Always, there were the trains. Whistles in the night; the sharp, insistent whining of brakes; the vibration at the country grade crossing as a highballing freight passed by: all hinted at goings and comings, arrivals and departures, denied to us as children.
Fascinated by the trains and intrigued by everything surrounding them, I visited a roundhouse with my grandfather, to see where locomotives lived. From the bridges leading into Kansas City, I admired the terminals and rail yards filled with long lines of cars and chubby cabooses. Always, I wondered at the mysterious letters painted on tankers and boxcars alike: ATSF, RI, C&NW.
Even the tracks provided entertainment. Encouraging one another, my friends and I laid on the ground, pressing our ears to cold, hard rails in hopes of feeling the rumble of an approaching train.
Sometimes, pennies in hand, in thrall to darkly superstitious fears, we discussed whether we — uninhibited eight-year-olds — might derail the afternoon freight by placing a coin on the rails.
When summer arrived, with its long days and intoxicating freedom from school, we grabbed our bikes and flew off down the streets, heedless of our mothers’ frail and ineffectual pleadings: “Don’t go to the park! If you go to the park, stay away from the tracks! If you have to walk the tracks, don’t walk the trestle.”
Of course we walked the trestle as soon as we arrived: tossing aside bicycles, scrambling up the embankment, scraping knees, and daring one another to traverse its length before the next train arrived.
At my grandparents’ house, trains were different: less exciting, but equally compelling. Lacking trestles, fancy streamliners, or high-balling freights, we took our amusement from the short, slow chains of hopper or box cars that passed behind the house, rolling our eyes at yet another parental warning: “Whatever you do, don’t cross the tracks.”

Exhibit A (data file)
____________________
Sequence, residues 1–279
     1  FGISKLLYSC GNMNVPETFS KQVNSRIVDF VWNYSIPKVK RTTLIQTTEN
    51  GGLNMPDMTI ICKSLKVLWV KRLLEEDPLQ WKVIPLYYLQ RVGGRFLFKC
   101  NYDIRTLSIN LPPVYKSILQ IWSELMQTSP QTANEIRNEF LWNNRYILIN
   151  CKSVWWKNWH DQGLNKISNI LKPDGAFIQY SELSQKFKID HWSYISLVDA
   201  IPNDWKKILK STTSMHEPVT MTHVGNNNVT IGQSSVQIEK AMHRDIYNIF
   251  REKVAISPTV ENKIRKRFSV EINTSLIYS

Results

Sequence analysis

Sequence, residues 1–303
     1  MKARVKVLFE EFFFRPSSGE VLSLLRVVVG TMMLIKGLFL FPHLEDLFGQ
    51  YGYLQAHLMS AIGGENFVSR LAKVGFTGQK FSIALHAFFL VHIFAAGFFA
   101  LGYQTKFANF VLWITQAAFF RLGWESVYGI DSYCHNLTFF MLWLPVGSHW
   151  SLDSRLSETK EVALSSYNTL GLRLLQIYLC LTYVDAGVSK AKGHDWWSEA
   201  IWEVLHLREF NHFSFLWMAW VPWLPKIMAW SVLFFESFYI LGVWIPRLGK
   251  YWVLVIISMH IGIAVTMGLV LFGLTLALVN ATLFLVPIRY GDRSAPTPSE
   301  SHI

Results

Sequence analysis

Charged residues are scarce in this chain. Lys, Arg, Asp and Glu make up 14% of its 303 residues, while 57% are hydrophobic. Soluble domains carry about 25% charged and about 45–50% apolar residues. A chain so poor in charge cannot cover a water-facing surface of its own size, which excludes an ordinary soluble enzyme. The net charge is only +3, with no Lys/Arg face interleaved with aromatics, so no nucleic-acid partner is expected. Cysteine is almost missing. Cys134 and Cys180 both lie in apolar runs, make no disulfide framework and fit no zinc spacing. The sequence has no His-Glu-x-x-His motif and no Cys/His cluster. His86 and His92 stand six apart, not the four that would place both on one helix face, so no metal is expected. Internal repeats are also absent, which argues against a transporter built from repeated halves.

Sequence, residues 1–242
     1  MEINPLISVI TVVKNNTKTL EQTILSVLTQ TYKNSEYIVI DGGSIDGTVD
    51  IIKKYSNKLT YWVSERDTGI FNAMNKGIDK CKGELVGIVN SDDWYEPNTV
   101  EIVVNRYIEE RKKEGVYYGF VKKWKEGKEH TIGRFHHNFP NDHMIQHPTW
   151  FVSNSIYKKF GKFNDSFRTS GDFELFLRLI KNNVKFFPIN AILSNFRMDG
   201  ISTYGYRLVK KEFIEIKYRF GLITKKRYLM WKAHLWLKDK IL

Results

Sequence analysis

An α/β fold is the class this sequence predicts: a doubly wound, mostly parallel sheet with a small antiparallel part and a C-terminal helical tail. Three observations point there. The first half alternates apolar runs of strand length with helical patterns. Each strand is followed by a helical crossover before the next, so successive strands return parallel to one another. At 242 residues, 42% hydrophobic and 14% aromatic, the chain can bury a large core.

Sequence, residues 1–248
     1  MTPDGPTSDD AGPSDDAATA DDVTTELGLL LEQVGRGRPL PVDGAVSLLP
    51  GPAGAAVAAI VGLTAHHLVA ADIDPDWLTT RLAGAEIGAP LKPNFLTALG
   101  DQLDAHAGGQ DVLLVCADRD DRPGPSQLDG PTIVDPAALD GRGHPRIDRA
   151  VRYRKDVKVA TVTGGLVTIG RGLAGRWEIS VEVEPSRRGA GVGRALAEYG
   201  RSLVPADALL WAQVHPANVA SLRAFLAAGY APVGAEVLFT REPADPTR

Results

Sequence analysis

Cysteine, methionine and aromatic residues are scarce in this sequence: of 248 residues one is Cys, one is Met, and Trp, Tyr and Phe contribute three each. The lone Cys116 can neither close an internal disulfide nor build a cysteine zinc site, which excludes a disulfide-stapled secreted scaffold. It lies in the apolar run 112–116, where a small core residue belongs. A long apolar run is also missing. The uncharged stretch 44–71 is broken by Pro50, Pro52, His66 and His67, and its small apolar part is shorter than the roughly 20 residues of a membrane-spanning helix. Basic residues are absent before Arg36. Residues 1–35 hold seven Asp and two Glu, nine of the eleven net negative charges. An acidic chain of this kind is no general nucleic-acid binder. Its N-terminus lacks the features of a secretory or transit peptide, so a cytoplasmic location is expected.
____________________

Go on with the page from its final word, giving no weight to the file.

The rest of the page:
We knew why they warned, and we knew the caution really wasn’t necessary. We’d met some of the men who stayed at the hobo camps tucked into fields and ditches on the other side of the tracks, both in our wanderings and when they arrived at the back doors of our homes, seeking food or work. Quiet and generally polite, they seemed more tired than threatening, and always were grateful for the water and food that was offered. In truth, their Hobo Code of Ethics, if adhered to, might go some distance toward reordering our own, disordered society.
During the Great Depression, hobo camps were common. Some became so well-integrated into the surrounding community that towns have memorialized them.
In Fairmont, Minnesota, two wooden trestle bridges belonging to the Milwaukee and Chicago & North Western lines sheltered a camp from the 1920s through the 1950s. According to a sign at the location:
The Fairmont Hobo Camp was conveniently located on a major westbound rail line, and may have sheltered over ten thousand hobos during these years. The hobo jungle, or bum camp, as some people called it, featured a secluded spot near town with good fishing in the channel and a fresh water artesian well bubbling up from the ground.
An eye witness from the early 1950s remembered the camp site with five or six men standing around, several smoldering campfires, and four or five crude, tin-roofed shelters thrown together using scrap lumber and cardboard.